Wednesday, October 5, 2011

Still Kicking

So A.J. Burnett won a game in the postseason? Well, that's great, especially considering he's the 20th highest paid player in baseball (though only fourth on his team), with an annual salary of $16,500,000.

By the way, if you haven't looked lately, three of the top four highest paid players in baseball are on the Yankees - No. 1 Alex Rodriguez, No. 3 CC Sabathia and No. 4 Mark Texeira.

To hear the concern on the voices of Yankees fans, the idea of having to rely on someone as horrible as Burnett in Game 4 last night against the Tigers, an elimination game with the Yankees down 2-1 in the series, was too much to contemplate. It had to be the result of an organizational failure to come up with a better fourth starter, right?

Were it any other team, then Burnett's contract would be a crippling one, and the organization would have had no choice but to keep running him out there and hope for the best, like the Giants with Barry Zito.

In the Yankees' case, decisions aren't made with money in mind. To the Yankees, Burnett can be a $16,500,000/year inconvenience, and with the number of players who make more than he does (or close to what he does), then he doesn't stand out nearly as much, as it does with, say, Zito.

Of course, for as well as Burnett pitched, he might not have made it out of the first inning were it not for Curtis Granderson (who at $8.5 million is the 11th highest paid Yankee), who made two great catches on the night.

And so the Yankees are even in the series, even if their payroll is $100,000,000 more than the Tigers (and $110,000,000 more than the Rangers, who play the winner of tomorrow night's Game 5).

The only reason the Yankees are a dominant team is because they have a huge monetary edge over the rest of the sport. It's not close, and it's not debatable.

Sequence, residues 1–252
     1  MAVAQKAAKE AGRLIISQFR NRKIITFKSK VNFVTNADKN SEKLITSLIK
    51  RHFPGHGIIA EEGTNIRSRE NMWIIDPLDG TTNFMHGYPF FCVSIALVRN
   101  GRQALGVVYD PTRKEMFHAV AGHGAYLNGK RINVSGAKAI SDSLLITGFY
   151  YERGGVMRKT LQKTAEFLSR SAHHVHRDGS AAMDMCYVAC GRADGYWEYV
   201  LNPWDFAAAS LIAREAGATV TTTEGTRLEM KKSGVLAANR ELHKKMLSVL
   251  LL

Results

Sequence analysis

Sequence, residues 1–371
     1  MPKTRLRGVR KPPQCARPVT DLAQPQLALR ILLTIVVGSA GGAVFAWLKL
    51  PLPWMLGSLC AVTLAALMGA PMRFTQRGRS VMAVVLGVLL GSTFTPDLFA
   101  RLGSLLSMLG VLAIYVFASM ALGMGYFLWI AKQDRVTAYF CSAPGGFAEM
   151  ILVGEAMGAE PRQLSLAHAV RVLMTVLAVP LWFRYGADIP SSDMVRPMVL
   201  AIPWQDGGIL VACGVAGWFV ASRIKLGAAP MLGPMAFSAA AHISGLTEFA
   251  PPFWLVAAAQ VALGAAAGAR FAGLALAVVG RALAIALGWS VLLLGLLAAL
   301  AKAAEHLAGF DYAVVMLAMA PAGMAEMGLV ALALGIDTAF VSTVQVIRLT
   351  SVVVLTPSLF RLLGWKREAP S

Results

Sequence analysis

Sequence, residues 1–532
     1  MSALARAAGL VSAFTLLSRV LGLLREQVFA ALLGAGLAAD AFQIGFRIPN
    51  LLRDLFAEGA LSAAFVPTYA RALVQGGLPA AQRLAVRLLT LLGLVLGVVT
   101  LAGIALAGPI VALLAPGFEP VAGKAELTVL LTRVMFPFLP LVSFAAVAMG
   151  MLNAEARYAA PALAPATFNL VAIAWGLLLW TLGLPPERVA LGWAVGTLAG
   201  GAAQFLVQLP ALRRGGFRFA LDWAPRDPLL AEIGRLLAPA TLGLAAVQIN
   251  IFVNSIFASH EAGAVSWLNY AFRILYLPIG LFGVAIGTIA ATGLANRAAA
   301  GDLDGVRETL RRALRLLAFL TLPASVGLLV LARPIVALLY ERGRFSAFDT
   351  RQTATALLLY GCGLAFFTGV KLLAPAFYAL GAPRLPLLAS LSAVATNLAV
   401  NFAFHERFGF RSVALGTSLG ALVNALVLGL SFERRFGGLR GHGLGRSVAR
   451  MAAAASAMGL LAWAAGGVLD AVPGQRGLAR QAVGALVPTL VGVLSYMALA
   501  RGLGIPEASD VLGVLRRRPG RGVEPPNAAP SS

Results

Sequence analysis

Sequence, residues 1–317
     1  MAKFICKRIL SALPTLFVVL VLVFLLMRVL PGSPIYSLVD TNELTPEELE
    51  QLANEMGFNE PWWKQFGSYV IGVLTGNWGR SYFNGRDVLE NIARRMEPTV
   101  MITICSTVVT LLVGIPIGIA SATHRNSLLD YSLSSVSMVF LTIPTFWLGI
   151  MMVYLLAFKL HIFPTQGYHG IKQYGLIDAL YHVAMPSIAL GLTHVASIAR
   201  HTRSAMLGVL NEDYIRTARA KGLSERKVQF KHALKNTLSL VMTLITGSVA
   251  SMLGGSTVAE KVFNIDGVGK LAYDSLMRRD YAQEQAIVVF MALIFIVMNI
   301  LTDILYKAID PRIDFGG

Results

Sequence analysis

It frustrates TigerBlog, but it's not that much different in the English Premier League, TB supposes.

Speaking of soccer, the 10 runs the Yankees scored last night equaled the number of goals in the Princeton-Seton Hall men's soccer game.

The Tigers scored three times in the first 25 minutes and led 4-1 at halftime. David Dubow had a big night in his second game after returning from injury, with two goals. Antoine Hoppenot and Matt Sanner also scored twice each.

The Princeton-Seton Hall game is always special for Tiger coach Jim Barlow, who has a long-standing relationship with Pirates' coach Manny Schellscheidt, who TB believes coached Barlow when he was a club player. Barlow also played at Princeton with Schellscheidt's son Karl.

The 2011 soccer season at Princeton is at the midway point, and it hasn't exactly been smooth sailing for either team to date.

A year after the men went a perfect 7-0-0 in the Ivy League and the women came heartbreakingly close to winning the league as well until a shot in OT against Penn in the season-finale was knocked off the line by Quaker defender, both teams have struggled.

And yet, it's a little early to write either one off.

The women are 0-2 in the league, but they also had a two-game stretch a year ago where they were outscored 6-0 in consecutive league games. It's unlikely any team will get through the league with a perfect record, and a record of 5-2-0 or even 4-2-1 could win the league.

Princeton has outshot its opponents 116-92 through nine games, including 26-16 in the two Ivy games. Also, Princeton has had some extraordinarily bad luck:
* lost 2-1 to Seton Hall on a goal with 1:52 left in OT
* outshot La Salle 13-5 and lost 1-0 on a goal with seven minutes left
* outshot Lafayette 29-3 in a 2-2 tie
* gave up two goals 36 seconds apart in a 2-0 loss to Yale
* allowed Dartmouth one second half shot - and it went in, with 1:53 to play - in a 1-0 loss

The women play at Brown Saturday at 4, against a team that is 6-3-1 overall and 1-1 in the league. It's a must-win for the Tigers, as are all of their remaining league games.

The men play at Brown at 7, after the women's game. The Princeton men opened the league season with a 4-1 loss at Dartmouth last weekend in a game that got away quickly after the Green scored three times early in the game.

Like the women, the men have had some brutal results:

* a 3-2 loss to St. John's on an overtime goal with 4.2 seconds left
* a 2-1 loss to FDU on a penalty kick in overtime
* a 13-6 edge in shots in a 1-0 loss to Furman

The men have an advantage over the women in that only one league game has been played. The Ivy League is so good in men's soccer that anything is possible as the league race unfolds.

September wasn't the best month for Princeton soccer, but October is off to a good start. Who knows what November will bring?

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